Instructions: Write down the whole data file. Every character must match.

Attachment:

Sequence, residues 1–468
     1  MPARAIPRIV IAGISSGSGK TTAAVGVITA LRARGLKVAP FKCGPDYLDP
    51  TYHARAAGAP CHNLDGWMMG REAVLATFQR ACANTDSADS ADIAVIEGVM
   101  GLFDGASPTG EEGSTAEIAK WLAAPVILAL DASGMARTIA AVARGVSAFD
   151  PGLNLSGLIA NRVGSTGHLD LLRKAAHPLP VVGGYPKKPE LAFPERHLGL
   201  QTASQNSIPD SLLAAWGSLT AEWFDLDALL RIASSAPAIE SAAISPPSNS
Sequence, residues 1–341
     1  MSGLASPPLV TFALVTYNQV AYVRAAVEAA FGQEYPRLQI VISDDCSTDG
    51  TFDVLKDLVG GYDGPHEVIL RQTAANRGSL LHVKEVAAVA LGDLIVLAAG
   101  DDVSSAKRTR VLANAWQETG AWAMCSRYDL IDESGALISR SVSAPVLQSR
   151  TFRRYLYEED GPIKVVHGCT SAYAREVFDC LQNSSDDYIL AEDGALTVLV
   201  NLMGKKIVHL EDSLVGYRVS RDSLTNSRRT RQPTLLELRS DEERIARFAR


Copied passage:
Sequence, residues 1–468
     1  MPARAIPRIV IAGISSGSGK TTAAVGVITA LRARGLKVAP FKCGPDYLDP
    51  TYHARAAGAP CHNLDGWMMG REAVLATFQR ACANTDSADS ADIAVIEGVM
   101  GLFDGASPTG EEGSTAEIAK WLAAPVILAL DASGMARTIA AVARGVSAFD
   151  PGLNLSGLIA NRVGSTGHLD LLRKAAHPLP VVGGYPKKPE LAFPERHLGL
   201  QTASQNSIPD SLLAAWGSLT AEWFDLDALL RIASSAPAIE SAAISPPSNS
Sequence, residues 1–341
     1  MSGLASPPLV TFALVTYNQV AYVRAAVEAA FGQEYPRLQI VISDDCSTDG
    51  TFDVLKDLVG GYDGPHEVIL RQTAANRGSL LHVKEVAAVA LGDLIVLAAG
   101  DDVSSAKRTR VLANAWQETG AWAMCSRYDL IDESGALISR SVSAPVLQSR
   151  TFRRYLYEED GPIKVVHGCT SAYAREVFDC LQNSSDDYIL AEDGALTVLV
   201  NLMGKKIVHL EDSLVGYRVS RDSLTNSRRT RQPTLLELRS DEERIARFAR